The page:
Ms. Waxman’s argument fell, apparently, on deaf ears. But The Met finds itself in another interregnum moment. Max Hollein, the new director recently began his job, and with new leadership there is new hope that The Met might, finally, address its congenital, institutional, and ethical blindness. By hiding the true histories of its objects from the public, encyclopedic museums, such as The Met, still engage in a tacit complicity with colonialism. At some point, this will have to change, and it is changing, elsewhere, slowly. Museums around the world are coming to terms with their own histories. The Met could be a leader in this effort, but now stands as a most prominent example of institutional obstinance. How long should it take for The Met to catch up with history? To catch up with its history?
Notes [ + ]
|1.||↑||Otzen, Ellen. The Man Who Returned his Grandfather’s Looted Art. BBC News Magazine, 26 February, 2015. Online. Retrieved 24 January, 2017.|
|2.||↑||Home, Robert. City of Blood Revisited: A new look at the Benin expedition of 1897. Collings: London. 1982. 88.|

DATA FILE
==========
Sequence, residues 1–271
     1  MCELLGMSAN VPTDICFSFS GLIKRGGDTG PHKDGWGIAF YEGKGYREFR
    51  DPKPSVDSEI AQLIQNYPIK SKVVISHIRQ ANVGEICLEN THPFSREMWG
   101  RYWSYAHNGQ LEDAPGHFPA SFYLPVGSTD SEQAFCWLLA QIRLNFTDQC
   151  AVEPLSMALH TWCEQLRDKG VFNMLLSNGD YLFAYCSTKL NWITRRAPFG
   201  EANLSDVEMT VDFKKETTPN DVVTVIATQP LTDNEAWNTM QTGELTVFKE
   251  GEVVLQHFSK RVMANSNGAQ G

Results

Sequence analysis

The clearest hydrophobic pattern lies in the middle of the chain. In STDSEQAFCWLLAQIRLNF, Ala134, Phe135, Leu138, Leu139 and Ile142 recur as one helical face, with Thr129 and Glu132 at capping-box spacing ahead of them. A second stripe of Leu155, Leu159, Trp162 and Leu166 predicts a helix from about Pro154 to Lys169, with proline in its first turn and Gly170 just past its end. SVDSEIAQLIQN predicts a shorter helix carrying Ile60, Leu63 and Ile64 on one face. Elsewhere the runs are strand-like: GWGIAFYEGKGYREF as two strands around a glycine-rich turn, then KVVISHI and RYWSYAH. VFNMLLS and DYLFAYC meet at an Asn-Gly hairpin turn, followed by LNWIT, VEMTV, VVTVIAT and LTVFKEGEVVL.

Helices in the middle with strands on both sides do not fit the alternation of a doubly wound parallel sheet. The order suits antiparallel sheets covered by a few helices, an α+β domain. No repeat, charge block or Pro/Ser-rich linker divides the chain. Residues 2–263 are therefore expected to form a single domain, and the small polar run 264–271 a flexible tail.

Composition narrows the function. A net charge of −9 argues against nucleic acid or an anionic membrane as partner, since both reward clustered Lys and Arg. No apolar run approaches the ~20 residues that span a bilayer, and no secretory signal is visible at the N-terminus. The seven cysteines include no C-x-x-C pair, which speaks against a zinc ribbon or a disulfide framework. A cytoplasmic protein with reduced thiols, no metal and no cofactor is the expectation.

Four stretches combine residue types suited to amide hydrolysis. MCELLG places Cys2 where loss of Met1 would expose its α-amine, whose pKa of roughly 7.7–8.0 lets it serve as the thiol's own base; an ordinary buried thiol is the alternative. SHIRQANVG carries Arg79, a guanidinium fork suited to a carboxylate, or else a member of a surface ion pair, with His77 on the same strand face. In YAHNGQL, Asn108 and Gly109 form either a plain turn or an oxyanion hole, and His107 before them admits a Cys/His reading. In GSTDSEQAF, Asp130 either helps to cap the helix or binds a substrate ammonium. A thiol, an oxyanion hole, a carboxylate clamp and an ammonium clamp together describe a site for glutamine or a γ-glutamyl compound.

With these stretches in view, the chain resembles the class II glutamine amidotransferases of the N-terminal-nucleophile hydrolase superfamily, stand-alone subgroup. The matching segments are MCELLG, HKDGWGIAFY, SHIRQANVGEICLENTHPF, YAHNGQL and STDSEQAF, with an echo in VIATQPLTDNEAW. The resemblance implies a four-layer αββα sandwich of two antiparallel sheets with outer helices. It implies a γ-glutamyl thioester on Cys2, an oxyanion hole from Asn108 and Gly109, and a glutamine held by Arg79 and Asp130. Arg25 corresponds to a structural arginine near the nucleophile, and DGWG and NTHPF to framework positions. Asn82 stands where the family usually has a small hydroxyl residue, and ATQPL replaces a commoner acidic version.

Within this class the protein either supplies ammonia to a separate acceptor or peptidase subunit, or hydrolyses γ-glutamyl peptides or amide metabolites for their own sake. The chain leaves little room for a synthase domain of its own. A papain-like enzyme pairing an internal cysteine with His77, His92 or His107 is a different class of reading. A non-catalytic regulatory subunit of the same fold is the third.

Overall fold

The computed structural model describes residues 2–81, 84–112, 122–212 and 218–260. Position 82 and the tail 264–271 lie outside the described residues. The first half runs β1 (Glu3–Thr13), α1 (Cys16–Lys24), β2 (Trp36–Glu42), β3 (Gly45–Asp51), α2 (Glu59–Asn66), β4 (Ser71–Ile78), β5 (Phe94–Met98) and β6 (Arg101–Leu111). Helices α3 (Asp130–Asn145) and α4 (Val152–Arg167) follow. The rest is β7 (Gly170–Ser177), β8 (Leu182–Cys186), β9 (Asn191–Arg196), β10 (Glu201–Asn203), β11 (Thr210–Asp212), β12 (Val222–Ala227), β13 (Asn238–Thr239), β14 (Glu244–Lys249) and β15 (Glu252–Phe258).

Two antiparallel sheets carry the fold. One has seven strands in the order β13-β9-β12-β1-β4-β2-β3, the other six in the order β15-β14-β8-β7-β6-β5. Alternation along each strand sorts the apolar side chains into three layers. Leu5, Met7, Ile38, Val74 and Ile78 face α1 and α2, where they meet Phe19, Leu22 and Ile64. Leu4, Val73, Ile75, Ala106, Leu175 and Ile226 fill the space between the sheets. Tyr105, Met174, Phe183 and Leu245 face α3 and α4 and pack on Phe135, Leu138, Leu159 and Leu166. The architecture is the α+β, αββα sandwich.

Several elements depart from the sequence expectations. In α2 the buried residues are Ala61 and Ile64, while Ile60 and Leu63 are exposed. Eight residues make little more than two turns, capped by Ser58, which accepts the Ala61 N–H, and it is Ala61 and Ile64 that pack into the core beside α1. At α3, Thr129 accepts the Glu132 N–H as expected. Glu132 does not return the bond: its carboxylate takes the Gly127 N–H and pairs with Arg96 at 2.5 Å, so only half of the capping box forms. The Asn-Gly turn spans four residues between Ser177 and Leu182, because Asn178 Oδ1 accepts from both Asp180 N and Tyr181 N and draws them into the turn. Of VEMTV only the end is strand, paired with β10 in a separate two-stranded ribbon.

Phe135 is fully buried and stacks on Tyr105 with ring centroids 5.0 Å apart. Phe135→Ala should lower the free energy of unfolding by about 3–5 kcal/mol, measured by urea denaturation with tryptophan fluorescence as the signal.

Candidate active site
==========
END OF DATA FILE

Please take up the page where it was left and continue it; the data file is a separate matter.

|3.||↑||Reiderer, Josef. “The Composition of Brass Object from Benin” in Original-Copy-Fake: Examining the Authenticity of Ancient Works of Art Focusing on African and Asian Bronzes and Terracottas. Collected papers presented at an international symposium at Rhur-University, Bochum, Feb. 17-18th, 2007. Mainz: Philippe von Zaben. 148.|
|4.||↑||Two of the Benin objects at the MFA came from Captain Burrows’ share of the spoils. Link here and here.|
|6.||↑||Much of the Cesnola Collection has been sold off over the years because Cesnola’s dubious and imaginative restorations do not, and never did, comply with basic archeological practices. For example, Cesnola would construct “restored” sculptures out of broken, unrelated fragments, or remove all traces of paint from an object, or create fanciful stories of an object’s discovery or location. Cesnola’s lack of archeological rigor made many of his finds almost useless to later scholars.|
|7.||↑||The New York Times. Friday, March 2, 1923. p.1.|
|8.||↑||Waxman, Sharon. “How Did That Vase Wind Up in the Metropolitan?”. Dec. 1, 2008. https://www.nytimes.com/2008/12/01/opinion/01waxman.html|